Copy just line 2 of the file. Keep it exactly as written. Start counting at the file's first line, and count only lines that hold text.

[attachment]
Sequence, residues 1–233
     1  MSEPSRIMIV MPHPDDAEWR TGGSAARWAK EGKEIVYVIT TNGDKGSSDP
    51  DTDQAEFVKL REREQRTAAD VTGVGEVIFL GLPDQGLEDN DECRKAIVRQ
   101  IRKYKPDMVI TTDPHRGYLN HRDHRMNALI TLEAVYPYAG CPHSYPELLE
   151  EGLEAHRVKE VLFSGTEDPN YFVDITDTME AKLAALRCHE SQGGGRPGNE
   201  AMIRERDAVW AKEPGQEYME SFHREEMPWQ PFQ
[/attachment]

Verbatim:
     1  MSEPSRIMIV MPHPDDAEWR TGGSAARWAK EGKEIVYVIT TNGDKGSSDP